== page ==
- Add aromatic vegetables like onions, carrots, and celery.
- Deglaze browning pan to scrape up browned bits.
- Simmer soup partially covered at low heat for 2-3 hours.
- Skim surface fat and add vegetables the last 30 minutes.
- Adjust seasoning with salt, pepper, and herbs.
The long, slow simmer allows the meat to become fall-apart tender while developing rich flavor. Follow recipe cook times rather than quick-cooking tough cuts.
Sample Recipe: Classic Beef Soup with Short Ribs
This recipe uses flavorful short ribs simmered into a comforting homemade beef soup:
- 2 lbs beef short ribs
- 2 tbsp olive oil
- 1 onion, diced
- 2 carrots, peeled and diced
- 2 ribs celery, diced
- 4 cloves garlic, minced
- 1 tsp dried thyme
- 1 bay leaf
- 8 cups beef broth
- 1 lb potatoes, peeled and diced
- 1 cup frozen peas
- Salt and pepper to taste
- Heat oil in a soup pot over medium-high heat. Pat ribs dry and brown for 2-3 minutes per side.
- Transfer ribs to a plate. Add onions, carrots, celery to pot. Cook 5 minutes until softened.
- Add garlic and cook 1 minute until fragrant. Stir in thyme, bay leaf, broth and ribs.
- Bring to a boil, then reduce heat to low. Simmer 2-3 hours partially covered until ribs are very tender.
- Transfer ribs to a plate. Shred or chop meat from bones and return to pot.
- Add potatoes and simmer 30 minutes until tender. Stir in peas and cook 5 minutes more.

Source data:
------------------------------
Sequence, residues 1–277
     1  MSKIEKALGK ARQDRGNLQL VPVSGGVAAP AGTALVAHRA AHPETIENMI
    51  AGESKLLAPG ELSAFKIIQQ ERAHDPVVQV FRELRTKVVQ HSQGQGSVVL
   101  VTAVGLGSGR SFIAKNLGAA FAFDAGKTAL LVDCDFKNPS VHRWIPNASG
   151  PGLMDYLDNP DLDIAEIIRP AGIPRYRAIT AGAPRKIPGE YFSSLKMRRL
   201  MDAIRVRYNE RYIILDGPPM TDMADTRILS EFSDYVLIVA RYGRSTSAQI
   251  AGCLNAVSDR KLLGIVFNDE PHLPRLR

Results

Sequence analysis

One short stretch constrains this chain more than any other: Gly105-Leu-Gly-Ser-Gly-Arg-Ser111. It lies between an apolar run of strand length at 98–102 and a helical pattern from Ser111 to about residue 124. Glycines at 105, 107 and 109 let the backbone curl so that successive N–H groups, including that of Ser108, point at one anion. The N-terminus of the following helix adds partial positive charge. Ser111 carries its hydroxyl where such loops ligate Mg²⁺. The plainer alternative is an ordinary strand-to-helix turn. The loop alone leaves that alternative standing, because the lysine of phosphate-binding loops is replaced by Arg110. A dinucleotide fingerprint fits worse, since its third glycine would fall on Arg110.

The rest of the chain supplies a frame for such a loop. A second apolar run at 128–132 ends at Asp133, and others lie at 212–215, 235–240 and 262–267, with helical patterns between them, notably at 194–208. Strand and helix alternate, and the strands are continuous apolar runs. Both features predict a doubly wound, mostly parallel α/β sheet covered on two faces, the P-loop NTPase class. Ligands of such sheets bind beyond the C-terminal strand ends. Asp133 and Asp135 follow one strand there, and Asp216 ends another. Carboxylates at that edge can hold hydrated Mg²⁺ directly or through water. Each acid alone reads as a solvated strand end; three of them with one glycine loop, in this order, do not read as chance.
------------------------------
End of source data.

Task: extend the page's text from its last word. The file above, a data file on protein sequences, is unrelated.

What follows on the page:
- Season with salt and pepper to taste. Serve soup with beef short rib pieces.
The long braise results in beefy, soul-warming soup studded with tender vegetables and short rib meat. Sprinkle with fresh parsley before serving.
What cut of beef is best for stew?
The best cuts of beef for stew include chuck roast, bottom round, brisket, and short ribs. Look for cuts with marbling for tenderness and moderate collagen for rich broth.
Should beef soup meat be seared?
Yes, it’s important to sear beef soup meat before adding to the pot. High heat caramelizes the exterior giving deeper beef flavor. Deglaze the pan to get browned bits off bottom.
How long should you simmer beef soup?
For tough cuts to become tender, beef soup needs a long simmer time – generally 2-3 hours. After simmering the meat, add quick-cooking vegetables in the last 30 minutes.
What herbs season beef soup?
Classic herbs for beef soup include thyme, rosemary, parsley, marjoram, and bay leaves. Avoid sage which can overpower. Add dried herbs at the start and finish with chopped fresh parsley.
Should beef soup ingredients be browned?
Browning the beef and aromatic ingredients like onions boosts flavor tremendously. Let the meat and veggies get nicely browned before adding liquid. Deglaze the pan to get up all the browned bits.
When making beef soup, the cut of meat you select makes all the difference. Look for well-marbled short ribs, chuck roast, brisket, or oxtails for the best results. These collagen-rich cuts become meltingly tender after long, gentle simmering while adding deep, beefy flavor. With the perfect cut, you’ll achieve soup that is rich, savory, and comforting.